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The Shopping List 8-4-10


The Shopping List is exactly what it sounds like: a list of books I bought that week. I’ll post thoughts and give a score. Like many reviewers I read, I’ll probably be more story-focused. I was always good in English, not art. I prefer reviews that actually talk about the book, so spoilers will abound.

I rank books the way Netflix ranks movies. I usually find it too positive-heavy, but if a book is that bad, I shouldn’t be buying it anyway.
***** = Loved It
**** = Really Liked It
*** = Liked It
** = Didn’t Like It
* = Hated It

Shadowland #2Shadowland #2 by Andy Diggle and Billy Tan **

Problems. Not just for Daredevil, but for us too. I almost wrote that Matt Murdock had problems, but that’s just it. This story is too much about Daredevil and not enough about Matt Murdock.

Miller’s DD run was great because it was about Matt Murdock. It was about his girlfriend Elektra. It was about his life being destroyed by the Kingpin. Bendis’s run was great because it was about Matt Murdock. It was about his girlfriend and later wife, Milla. It was about his life being destroyed when his identity was outed. Diggle’s run has been too about the superhero and not enough about the man. Some people may welcome this after Brubaker’s very Matt-centric run, but without a private life, the book never gets grounded in a problem readers can relate to.

I understand and appreciate Marvel’s desire to bring their street-level heroes together, but Kingpin summoning Ghost Rider seemed a little out there for me; “honest businessman” my ass.

Billy Tan fares better this issue, but maybe only because his terrible rendition of Iron Man didn’t show up.

Young Allies 3Young Allies #3 by Sean McKeever and David Baldeón ****

Tom Brevoort described this book as “what you wanted Sean’s Teen Titans run to be“. And it is. Young heroes, going though their teen drama and trying to stop some bad guys. Operative word “trying.” They’re still fresh. They make mistakes. They trust too easily. Therein lies the fun. No need for retreads of three-year-old storylines or dogs mauling their owners.

Too many writers rely on fights for conflict. McKeever, as he did in The Waiting Place, let’s his characters be themselves and the conflict comes naturally: disagreements over how to deal with a threat, the sadness of having a deadbeat dad. One page of fighting, 22 pages of drama. Well done Mr. McKeever.

Captain America 608Captain America #608 by Ed Brubaker and Butch Guice ***

Nevermind Hawkeye and Mockingbird, the superspy couple I want to read about is Cap and Black Widow. (Nice idea for when Widow’s solo book gets canceled. [I like that book a lot, but don’t hold out much hope.]) A superhero being outed is interesting. I just hope Bru can do something different than Bendis did on Daredevil. The next arc is called “The Trial of Captain America.” I remember DD being arrested, but I don’t remember a trial. *Fingers crossed.*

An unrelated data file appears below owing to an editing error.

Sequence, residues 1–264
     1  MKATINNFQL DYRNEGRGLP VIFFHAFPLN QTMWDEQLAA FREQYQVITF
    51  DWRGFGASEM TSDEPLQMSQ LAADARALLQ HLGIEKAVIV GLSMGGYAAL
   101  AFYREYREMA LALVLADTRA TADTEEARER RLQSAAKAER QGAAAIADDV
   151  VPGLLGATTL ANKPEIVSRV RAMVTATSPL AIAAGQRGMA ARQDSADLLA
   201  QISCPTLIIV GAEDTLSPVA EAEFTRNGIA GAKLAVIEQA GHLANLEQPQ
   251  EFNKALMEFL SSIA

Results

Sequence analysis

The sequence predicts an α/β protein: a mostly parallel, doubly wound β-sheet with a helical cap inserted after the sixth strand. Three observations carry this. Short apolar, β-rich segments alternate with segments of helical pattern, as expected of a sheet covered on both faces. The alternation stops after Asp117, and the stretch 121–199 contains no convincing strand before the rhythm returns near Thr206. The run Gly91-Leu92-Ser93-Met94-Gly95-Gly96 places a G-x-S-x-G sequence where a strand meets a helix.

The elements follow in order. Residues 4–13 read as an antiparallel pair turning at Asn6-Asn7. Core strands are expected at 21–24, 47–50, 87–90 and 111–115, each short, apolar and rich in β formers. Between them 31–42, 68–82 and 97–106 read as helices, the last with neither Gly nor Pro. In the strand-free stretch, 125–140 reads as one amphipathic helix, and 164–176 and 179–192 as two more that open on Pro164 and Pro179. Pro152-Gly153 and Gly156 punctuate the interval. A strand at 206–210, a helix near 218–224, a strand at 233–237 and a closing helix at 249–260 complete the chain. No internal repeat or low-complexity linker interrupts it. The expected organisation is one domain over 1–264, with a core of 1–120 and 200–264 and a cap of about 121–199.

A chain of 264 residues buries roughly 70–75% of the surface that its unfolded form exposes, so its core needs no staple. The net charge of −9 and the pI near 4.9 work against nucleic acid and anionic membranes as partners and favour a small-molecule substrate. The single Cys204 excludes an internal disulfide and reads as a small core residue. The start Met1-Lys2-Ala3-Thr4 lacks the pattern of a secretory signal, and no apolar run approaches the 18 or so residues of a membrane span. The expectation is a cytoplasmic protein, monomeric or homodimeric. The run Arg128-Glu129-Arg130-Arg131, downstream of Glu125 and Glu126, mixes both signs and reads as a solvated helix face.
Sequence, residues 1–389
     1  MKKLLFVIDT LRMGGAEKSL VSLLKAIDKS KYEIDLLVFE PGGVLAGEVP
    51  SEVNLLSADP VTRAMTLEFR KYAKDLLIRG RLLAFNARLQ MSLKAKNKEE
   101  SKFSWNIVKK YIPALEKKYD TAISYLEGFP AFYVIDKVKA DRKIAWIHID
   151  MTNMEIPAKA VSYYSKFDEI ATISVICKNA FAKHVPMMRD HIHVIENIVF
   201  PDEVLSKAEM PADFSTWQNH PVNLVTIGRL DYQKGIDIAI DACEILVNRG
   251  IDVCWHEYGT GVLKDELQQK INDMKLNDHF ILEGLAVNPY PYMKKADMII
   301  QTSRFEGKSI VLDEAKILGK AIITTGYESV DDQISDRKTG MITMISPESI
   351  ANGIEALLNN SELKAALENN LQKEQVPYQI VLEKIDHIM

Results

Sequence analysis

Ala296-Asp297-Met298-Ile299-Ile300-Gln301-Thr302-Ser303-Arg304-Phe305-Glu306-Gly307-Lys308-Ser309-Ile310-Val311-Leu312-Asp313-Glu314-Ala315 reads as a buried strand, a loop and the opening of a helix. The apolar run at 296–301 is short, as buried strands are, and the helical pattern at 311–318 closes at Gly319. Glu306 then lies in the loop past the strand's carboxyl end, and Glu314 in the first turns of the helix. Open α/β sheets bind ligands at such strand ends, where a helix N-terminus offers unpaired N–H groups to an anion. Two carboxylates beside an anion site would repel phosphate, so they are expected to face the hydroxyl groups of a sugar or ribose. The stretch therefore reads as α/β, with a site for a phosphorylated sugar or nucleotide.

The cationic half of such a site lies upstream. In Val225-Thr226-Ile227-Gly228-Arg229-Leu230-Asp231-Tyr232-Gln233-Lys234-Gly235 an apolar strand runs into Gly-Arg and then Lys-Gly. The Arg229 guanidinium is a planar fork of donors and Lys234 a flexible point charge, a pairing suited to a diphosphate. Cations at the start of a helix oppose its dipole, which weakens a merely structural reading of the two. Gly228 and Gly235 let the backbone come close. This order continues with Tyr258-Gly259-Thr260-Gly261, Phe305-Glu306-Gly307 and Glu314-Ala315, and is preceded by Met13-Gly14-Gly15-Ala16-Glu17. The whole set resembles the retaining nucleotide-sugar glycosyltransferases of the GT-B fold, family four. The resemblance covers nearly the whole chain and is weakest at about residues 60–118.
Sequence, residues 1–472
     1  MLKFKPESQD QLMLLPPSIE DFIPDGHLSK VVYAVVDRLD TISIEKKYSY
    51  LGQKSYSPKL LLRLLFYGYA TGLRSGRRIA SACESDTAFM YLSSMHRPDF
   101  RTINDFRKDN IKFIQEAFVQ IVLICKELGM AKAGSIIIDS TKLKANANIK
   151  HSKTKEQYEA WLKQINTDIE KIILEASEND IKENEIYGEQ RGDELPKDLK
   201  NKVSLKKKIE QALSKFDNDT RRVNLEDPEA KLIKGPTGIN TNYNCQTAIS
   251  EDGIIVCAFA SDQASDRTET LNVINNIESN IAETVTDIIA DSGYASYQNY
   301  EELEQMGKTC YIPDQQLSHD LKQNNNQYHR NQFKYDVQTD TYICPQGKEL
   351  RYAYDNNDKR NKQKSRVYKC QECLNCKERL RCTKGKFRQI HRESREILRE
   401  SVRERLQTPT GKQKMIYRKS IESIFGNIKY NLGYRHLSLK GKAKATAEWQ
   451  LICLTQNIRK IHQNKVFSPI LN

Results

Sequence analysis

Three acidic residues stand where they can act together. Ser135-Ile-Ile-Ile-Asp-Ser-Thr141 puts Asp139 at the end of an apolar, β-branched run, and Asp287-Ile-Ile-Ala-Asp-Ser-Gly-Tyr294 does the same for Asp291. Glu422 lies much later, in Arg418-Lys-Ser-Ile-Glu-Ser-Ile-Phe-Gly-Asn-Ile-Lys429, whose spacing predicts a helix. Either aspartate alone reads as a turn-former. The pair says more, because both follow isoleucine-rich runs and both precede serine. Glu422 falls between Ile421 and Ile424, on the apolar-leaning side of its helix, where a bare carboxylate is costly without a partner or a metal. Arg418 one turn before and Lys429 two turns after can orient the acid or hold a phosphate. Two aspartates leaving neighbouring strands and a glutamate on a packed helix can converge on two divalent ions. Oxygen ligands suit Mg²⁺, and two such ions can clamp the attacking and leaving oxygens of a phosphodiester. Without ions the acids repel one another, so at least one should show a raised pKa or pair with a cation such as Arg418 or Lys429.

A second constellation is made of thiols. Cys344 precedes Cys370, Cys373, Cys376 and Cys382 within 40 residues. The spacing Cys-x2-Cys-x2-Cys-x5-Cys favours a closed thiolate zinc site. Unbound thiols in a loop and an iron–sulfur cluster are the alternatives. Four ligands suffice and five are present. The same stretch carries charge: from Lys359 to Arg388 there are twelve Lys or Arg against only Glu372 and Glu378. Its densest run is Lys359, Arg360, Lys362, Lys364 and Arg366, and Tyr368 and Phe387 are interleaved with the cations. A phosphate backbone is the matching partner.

Since issue #1, Captain America’s art, whether by Epting, Perkins, Luke Ross or Butch Guice has been the pinnacle of consistency. But this issue, with two inkers and three colorists, breaks the tradition. Line thickness is too irregular, colors are too bright. It just doesn’t fit.

The Nomad backup continues telling good, if short, stories. The cliffhanger of Steve telling Rikki she can drop the mantle feels like false stakes. She’s got an ongoing series, plus an appearance on a new team. It’s not going to happen.

Felipe Andrade’s art is a downgrade from David Baldeon, but I think most artists would be. He has a style that I don’t hate, but his storytelling isn’t great. The man with a gun to Rikki’s head doesn’t get hit by a fist; he gets hit by … nothing. And she would never exit the booth in the direction she does if she wanted to hug Steve. A different angle could have solved that problem. Am I being picky? Sure, but if someone’s making their debut to most people, (his only other ComicBookDB listing is for the recent X-23 one-shot), there is no reason to have such easily solved problems.

Secret Six #24Secret Six #24 by Gail Simone and J. Calafiore ****

This was unexpected. I’m sure I read the solicit three months ago, but I was surprised by this wild west Elseworlds story. Simone takes some of the current Six, some old favorites and tells a fun, exciting story. It’s nice to see characters repurposed and even nicer when their new roles make sense, like Scandal as Sheriff (Leader) and Bane as Native American muscle (Brazilian muscle). My favorite part has to be the ending. Elseworlds, What If?s, etc. can have finales that would never happen in their regular universes and Simone takes advantage. Highly recommended.

Come back next week, ya hear?

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